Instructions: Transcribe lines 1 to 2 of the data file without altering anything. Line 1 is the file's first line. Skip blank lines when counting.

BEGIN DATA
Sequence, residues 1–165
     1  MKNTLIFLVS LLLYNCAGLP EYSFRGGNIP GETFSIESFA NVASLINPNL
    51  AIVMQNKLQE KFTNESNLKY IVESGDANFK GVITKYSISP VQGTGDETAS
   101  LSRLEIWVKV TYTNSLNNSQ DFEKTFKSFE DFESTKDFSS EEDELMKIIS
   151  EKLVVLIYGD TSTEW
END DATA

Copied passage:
Sequence, residues 1–165
     1  MKNTLIFLVS LLLYNCAGLP EYSFRGGNIP GETFSIESFA NVASLINPNL